NIAGARA FALLS - While Senior
Airman Daniel K. Scott was flying home from the Middle
East on Wednesday, his mother, Abby, of Castile in
Wyoming County, was up at 4 a.m. baking chocolate chip
The cookies were in the car when she and her husband,
Paul, arrived at the Niagara Falls Air Reserve Station
before noon to welcome their son. Scott's girlfriend,
Kristin Nesbitt, 29, of Buffalo, was also there to greet
"It feels good to be home," said Scott, 26,
after piling off a C-130 Hercules transport plane and
hugging his parents and girlfriend.
Scott, a crew chief with the 914th Airlift Wing, was
one of 50 Air Force reservists who returned to the base
from the Middle East, ending the largest and longest
deployment in the unit's history.
Barbara Freitas, a Canadian who lives in St.
Catharines, Ont., was waiting for her husband, Master
Sgt. Thomas Freitas, an American who maintains the
avionics equipment on the C-130 Hercules aircraft, the
workhorse of the 914th.
The airman was coming home after a four-month tour of
duty, and his wife waited in a hangar with her daughter,
Alexandra, 11, as the torrential remains of a lightning
storm poured down outside.
"We're pretty anxious," she said. "I
didn't get much sleep last night."
Her anxiety mounted when her husband wasn't on the
C-130 that landed at about 1 p.m. She reached for her
cell phone and was trying to call her husband when an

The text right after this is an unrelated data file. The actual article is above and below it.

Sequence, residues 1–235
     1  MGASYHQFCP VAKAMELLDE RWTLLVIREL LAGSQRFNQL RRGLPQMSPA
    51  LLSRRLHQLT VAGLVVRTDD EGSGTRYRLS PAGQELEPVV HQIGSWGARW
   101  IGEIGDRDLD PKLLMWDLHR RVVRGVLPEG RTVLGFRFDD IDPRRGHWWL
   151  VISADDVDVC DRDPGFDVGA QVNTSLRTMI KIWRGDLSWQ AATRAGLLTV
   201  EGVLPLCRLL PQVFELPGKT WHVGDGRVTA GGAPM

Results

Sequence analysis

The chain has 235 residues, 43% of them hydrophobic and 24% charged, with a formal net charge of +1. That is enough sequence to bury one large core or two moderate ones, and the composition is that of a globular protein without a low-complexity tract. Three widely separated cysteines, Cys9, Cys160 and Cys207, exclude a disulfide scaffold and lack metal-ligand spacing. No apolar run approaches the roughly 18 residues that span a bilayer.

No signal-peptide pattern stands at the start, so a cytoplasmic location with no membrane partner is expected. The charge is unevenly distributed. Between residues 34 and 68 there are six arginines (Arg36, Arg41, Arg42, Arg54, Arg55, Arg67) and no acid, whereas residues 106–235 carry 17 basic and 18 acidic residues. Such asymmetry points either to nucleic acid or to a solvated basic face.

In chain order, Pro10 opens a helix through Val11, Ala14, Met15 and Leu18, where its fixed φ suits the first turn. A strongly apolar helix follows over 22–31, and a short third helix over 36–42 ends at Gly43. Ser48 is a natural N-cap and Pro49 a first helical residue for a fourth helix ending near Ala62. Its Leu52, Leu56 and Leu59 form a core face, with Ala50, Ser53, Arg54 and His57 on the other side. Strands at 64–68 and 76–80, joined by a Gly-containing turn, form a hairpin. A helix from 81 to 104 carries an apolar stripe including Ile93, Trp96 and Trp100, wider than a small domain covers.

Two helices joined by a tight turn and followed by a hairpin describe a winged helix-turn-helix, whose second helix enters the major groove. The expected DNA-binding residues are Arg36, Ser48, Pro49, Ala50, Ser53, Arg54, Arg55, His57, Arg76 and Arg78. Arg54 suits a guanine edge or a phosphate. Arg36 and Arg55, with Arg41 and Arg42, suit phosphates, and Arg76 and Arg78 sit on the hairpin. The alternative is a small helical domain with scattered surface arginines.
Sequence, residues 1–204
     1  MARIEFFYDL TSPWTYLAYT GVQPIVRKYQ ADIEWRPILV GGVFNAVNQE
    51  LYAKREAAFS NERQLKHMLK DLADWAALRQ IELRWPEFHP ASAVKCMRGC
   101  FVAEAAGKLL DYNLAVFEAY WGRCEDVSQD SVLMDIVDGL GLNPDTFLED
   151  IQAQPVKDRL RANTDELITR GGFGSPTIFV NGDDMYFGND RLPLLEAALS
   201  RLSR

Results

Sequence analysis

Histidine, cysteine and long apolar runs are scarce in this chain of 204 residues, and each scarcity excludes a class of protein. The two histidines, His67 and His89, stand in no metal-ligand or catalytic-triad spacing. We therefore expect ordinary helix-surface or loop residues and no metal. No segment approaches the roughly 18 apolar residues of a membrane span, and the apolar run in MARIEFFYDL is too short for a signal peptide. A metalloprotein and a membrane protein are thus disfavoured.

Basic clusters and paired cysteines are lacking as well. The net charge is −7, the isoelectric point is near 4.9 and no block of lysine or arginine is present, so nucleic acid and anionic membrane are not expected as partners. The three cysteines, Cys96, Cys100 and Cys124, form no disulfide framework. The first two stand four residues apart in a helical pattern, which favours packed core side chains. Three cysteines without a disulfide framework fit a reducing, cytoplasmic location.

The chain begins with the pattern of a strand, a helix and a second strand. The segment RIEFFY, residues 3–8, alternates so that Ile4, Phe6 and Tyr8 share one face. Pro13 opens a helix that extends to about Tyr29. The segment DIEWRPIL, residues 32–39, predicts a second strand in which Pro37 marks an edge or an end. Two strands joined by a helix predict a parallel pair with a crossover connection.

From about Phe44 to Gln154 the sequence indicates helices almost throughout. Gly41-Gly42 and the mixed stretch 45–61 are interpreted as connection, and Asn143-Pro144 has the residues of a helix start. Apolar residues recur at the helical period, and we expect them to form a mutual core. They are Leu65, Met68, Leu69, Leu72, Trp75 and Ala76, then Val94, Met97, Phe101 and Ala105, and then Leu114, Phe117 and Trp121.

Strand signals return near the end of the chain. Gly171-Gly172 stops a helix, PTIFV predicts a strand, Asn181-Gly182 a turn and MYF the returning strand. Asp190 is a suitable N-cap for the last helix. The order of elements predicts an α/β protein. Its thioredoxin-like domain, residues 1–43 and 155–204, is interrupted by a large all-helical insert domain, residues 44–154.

air base support person told her he would be on a plane
coming in later. Major Charles R. Anderson, 43, of
Albany, was on the C-130. He was the pilot. His wife,
Karen, and their three children, Zachary, 12, Hannah, 9,
and Aidan, 6, rushed into his arms when he stepped onto
Staff Sgt. Maurice Shivers, 33, of Grand Island, a
loadmaster with the 914th, was welcomed home by his
wife, Christina, and their children, Alexia, 7, Alicia,
2, and Alex, 1, and his parents, Maurice Sr. and
"It's such a relief to be back with my
family," he said.
Master Sgt. Douglas Kalota, 33, of North Tonawanda,
got a surprise welcome from his mother, Dorothy, who
drove up from Albany in a blinding rainstorm. Kalota's
wife, Shannon; father, Bob; several other relatives; and
Kalota's brother, Vince, a technical sergeant with the
107th Air Refueling Wing who did a tour of duty in 2003,
were also there to greet him.
"The airplanes are coming home, but the Wing is
still committed to supporting the country
overseas," said Col. James B. Roberts, commander of
the air base and the 914th Airlift Wing.
The 914th, which shares the air base with the 107th,
was the first unit to be deployed after the start of the
Iraq War in 2003.
Up to 500 airmen and women were deployed on a
rotation basis during the height of the Iraq War, said
Neil E. Nolf, the public affairs officer.
The rotating tours of duty have ranged from six weeks
to six months for the hundreds of civilian airmen and
women who train at the Niagara air base.